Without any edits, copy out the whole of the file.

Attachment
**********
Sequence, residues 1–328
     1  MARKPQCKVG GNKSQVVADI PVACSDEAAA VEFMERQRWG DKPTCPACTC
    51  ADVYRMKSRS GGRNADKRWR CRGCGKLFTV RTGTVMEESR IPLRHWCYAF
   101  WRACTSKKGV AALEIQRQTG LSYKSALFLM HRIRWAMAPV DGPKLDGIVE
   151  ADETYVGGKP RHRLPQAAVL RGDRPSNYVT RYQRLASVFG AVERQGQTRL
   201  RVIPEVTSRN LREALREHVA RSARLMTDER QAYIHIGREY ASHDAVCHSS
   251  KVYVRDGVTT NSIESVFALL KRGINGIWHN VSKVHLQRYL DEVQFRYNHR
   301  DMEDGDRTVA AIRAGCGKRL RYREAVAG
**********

Sequence, residues 1–328
     1  MARKPQCKVG GNKSQVVADI PVACSDEAAA VEFMERQRWG DKPTCPACTC
    51  ADVYRMKSRS GGRNADKRWR CRGCGKLFTV RTGTVMEESR IPLRHWCYAF
   101  WRACTSKKGV AALEIQRQTG LSYKSALFLM HRIRWAMAPV DGPKLDGIVE
   151  ADETYVGGKP RHRLPQAAVL RGDRPSNYVT RYQRLASVFG AVERQGQTRL
   201  RVIPEVTSRN LREALREHVA RSARLMTDER QAYIHIGREY ASHDAVCHSS
   251  KVYVRDGVTT NSIESVFALL KRGINGIWHN VSKVHLQRYL DEVQFRYNHR
   301  DMEDGDRTVA AIRAGCGKRL RYREAVAG